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MOUNT VERNON — Sharing hobbies and side passions is often underappreciated in the everyday hustle of modern life. However, the Knox Technical Center, the adult education branch of the Knox County Career Center, has brought hobbies into the limelight with their community classes. The six-week digital photography class, led by instructor Bruce Stewart, held its end-of-class Photography Expo Tuesday night on the KTC campus, where students were able to show off all that they learned about their favorite hobby.
Stewart has been an avid hobby photographer for most of his life, he told the News, starting after his mother took a photography class in 1959. Eventually, he became his high school’s yearbook photographer and editor, where he developed his own dark room and bought his own camera. Stewart incorporated his history with photography into his display at the expo with some of the cameras and photographs he has taken in the almost 60 years he has enjoyed the pasttime.
“I’ve just enjoyed it as a pasttime and I’ve constantly done it throughout my life, with raising my family,” Stewart said. “And I’ve had the opportunity to come on board here at the Knox Technical Center and share my interest and my love of photography with others.”
“It’s truly fun to sit here and sort of look at the work that these students have done and to see how far they’ve come,” Stewart said. “We struggled through some things like exposure, shutter speeds, ISO, but they’ve gotten it. They learned it.”
Stewart explained that he encouraged his students to use their photography as a way to share perspectives from their own lives.
“I’ve tried to share with the class that your photography and your view of the world is based upon your life,” Stewart said. “And go and find that, share that with others.”
Student Margaret Fawcett has used her new photography skills to share her love of family and nature with many portraits of her grandchildren and trips to Honey Run Park. But it all began with a nice camera she didn’t know how to use.
“I’m not sure why exactly I bought the camera, I think it’s when I started having grandchildren,” she said. “I always used to shoot on automatic with it, and it made nice pictures, but now I don’t have to do that. I have other skills that I can use and I have more control over the lighting, how I want things to look, the depth of it now. It’s just the beginning, I still have a lot more to learn.”
Fawcett said that Stewart has encouraged his students to find areas that they are passionate about and continue to explore and practice photographing them.
“I’m going to practice for the next year or so and then I’m going to take his next class,” Fawcett said.
Family was a common theme for the photography students as Whitney Beougher found inspiration photographing her family — her 4-year-old daughter, Eisley, in particular.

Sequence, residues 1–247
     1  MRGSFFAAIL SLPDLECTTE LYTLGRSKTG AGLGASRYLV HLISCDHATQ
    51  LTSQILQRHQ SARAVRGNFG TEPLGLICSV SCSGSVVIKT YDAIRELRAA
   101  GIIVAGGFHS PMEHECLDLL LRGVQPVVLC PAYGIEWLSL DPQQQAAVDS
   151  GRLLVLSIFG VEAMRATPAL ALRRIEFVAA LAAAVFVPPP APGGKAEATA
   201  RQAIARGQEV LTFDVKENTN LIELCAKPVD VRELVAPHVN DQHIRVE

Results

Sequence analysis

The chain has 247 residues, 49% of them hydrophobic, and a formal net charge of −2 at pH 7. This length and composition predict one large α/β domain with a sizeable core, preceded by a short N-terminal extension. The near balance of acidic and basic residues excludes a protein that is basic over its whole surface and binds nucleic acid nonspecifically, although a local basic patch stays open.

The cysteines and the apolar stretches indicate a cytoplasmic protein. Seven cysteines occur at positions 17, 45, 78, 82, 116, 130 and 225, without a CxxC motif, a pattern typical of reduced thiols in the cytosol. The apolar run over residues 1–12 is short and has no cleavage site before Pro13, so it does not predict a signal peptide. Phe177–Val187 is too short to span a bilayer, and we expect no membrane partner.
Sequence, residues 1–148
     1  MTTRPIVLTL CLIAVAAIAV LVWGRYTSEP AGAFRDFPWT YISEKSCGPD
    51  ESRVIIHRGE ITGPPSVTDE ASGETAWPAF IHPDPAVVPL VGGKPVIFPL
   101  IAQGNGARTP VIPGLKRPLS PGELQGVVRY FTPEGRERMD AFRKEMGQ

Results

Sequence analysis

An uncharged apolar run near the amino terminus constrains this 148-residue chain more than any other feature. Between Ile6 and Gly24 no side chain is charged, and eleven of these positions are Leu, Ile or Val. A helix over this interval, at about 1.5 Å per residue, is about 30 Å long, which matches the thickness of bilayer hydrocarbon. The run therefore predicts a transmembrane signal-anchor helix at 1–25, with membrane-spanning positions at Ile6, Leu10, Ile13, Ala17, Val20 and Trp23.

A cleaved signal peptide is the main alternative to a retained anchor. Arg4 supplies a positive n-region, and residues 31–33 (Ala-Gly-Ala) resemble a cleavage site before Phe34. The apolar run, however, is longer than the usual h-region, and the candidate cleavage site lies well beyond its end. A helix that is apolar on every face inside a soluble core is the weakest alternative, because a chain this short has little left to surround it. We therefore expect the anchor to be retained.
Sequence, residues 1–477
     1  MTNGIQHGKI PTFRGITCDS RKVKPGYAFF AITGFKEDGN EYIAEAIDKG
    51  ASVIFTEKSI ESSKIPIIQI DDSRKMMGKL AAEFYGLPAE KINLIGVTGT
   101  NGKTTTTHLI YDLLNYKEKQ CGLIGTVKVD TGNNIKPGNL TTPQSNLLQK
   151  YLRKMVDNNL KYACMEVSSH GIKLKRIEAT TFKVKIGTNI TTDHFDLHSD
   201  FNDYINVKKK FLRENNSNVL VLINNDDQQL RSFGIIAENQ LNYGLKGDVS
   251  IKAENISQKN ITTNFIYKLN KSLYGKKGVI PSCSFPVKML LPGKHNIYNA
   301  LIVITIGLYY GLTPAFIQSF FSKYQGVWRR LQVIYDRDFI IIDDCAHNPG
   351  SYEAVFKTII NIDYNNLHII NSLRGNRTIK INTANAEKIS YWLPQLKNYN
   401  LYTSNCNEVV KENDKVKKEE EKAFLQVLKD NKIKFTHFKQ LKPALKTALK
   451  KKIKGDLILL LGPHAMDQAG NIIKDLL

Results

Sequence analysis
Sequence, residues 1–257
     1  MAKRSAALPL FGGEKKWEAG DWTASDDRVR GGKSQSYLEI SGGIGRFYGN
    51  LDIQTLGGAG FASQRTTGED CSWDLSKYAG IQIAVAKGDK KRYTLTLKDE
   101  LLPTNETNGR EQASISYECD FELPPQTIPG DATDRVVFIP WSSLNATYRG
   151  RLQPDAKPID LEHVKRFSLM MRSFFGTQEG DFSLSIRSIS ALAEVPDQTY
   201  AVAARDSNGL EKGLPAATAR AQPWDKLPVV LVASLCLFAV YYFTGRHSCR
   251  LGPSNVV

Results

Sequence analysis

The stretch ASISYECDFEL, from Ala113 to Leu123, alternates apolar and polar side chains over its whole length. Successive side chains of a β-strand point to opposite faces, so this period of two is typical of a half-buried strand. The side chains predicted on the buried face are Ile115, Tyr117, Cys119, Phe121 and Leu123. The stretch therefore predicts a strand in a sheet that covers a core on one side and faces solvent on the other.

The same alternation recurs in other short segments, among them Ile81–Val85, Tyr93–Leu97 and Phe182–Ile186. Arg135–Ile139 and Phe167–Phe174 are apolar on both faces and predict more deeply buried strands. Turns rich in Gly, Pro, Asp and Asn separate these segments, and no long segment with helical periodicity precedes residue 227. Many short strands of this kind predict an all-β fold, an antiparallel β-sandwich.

“I made it too complicated at first, I thought I had to have all of this time set aside, but then I realized that wasn’t realistic,” Beougher said. “Then I started taking my daughter along with me and shot things as we hung out and did things together. So whether it was having her dress up and play in the yard and every once in a while shooting a picture while we’re playing together or taking her to go see some horses and shooting that. So, it just became something we could do together, which was really fun.”
Beougher has always had a draw toward photography, she said, but it really began right after high school, when her parents bought her a digital camera for graduation.
“I love people and I love portraits,” Beougher said. “I love the characteristics you see on people’s faces and I wanted to be able to find a way I could move toward capturing that better. I feel much better than I did before.”
Stewart will be offering an intermediate photography class through KTC next year, which will go more in depth with some of the themes and subjects the beginner community class offered.
The community classes offered by KTC vary by demand of classes and the availability of instructors, Monica Hite, administrative coordinator explained. Classes range from hobbies like crocheting and ballroom dancing, to CPR and First Aid; and even resume boosters, such as Excel, QuickBooks and the Microsoft Suite.
“If anybody has any ideas for classes, we try to find instructors, if we get enough people interested,” Hite said.
Instructors are usually members of the community that have an expertise, Hite said, like Stewart and his life-long passion for photography.
For more information on the community classes offered by KTC contact Monica Hite at 740-393-2933 ext. 1104 or by emailing email@example.com. More information is also available at www.knoxtechnicalcenter.com or https://ktc.coursestorm.com.